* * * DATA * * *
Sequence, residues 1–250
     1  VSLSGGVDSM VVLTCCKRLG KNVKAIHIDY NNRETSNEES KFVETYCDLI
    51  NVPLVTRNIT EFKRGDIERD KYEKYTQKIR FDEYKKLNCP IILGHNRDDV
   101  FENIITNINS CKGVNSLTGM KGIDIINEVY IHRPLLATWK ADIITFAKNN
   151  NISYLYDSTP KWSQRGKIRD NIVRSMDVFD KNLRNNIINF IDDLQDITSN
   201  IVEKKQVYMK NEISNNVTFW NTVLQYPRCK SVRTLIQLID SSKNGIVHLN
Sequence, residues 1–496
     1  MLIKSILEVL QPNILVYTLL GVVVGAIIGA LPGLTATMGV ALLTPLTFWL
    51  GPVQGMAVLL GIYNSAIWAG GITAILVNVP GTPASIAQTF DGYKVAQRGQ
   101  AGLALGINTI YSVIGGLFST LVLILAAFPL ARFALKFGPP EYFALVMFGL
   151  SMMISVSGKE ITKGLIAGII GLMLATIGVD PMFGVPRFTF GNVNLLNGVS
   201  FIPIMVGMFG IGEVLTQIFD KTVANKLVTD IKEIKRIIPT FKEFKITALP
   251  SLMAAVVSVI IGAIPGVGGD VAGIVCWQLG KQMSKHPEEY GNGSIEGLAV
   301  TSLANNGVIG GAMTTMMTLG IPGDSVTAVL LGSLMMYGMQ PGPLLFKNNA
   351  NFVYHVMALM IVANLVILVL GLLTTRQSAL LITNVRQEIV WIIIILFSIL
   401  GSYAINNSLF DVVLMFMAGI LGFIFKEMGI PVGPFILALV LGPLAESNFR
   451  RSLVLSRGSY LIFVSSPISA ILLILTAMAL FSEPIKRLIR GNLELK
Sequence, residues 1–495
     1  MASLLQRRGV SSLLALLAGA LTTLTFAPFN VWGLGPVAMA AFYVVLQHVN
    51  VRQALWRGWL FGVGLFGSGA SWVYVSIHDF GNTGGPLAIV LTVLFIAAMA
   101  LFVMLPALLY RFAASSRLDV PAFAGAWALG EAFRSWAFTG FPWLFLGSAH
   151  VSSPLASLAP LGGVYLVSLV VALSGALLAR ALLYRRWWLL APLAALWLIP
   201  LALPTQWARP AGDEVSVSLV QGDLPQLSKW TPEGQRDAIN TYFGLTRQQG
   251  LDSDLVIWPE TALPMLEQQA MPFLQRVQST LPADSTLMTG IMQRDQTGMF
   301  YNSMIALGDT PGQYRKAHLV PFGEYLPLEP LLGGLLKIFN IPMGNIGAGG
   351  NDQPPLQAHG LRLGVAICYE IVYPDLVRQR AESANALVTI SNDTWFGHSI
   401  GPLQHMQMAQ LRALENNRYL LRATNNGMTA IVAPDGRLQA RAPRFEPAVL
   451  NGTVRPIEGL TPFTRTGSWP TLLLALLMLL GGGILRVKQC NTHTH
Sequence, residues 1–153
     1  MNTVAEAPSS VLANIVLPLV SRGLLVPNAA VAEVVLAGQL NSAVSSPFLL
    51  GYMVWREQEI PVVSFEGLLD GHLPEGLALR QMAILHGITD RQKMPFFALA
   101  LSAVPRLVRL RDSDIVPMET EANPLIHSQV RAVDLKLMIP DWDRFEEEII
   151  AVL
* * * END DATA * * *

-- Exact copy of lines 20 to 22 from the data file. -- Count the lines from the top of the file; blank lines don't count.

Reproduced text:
    51  VRQALWRGWL FGVGLFGSGA SWVYVSIHDF GNTGGPLAIV LTVLFIAAMA
   101  LFVMLPALLY RFAASSRLDV PAFAGAWALG EAFRSWAFTG FPWLFLGSAH
   151  VSSPLASLAP LGGVYLVSLV VALSGALLAR ALLYRRWWLL APLAALWLIP